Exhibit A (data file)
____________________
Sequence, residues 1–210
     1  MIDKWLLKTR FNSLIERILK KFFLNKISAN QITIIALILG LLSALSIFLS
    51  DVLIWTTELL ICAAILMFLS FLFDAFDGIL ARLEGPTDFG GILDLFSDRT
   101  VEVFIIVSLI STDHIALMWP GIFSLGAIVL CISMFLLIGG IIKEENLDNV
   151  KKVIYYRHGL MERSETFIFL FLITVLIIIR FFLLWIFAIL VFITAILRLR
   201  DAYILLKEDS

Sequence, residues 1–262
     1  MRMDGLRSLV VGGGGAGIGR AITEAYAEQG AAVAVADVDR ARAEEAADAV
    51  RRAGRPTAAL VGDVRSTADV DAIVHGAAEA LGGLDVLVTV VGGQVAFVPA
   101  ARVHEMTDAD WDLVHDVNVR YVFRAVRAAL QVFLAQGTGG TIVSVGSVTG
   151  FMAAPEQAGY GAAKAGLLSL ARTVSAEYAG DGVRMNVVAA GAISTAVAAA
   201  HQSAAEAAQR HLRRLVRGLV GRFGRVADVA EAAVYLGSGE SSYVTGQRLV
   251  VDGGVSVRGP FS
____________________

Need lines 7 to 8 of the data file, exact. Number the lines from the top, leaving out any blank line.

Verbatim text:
Sequence, residues 1–262
     1  MRMDGLRSLV VGGGGAGIGR AITEAYAEQG AAVAVADVDR ARAEEAADAV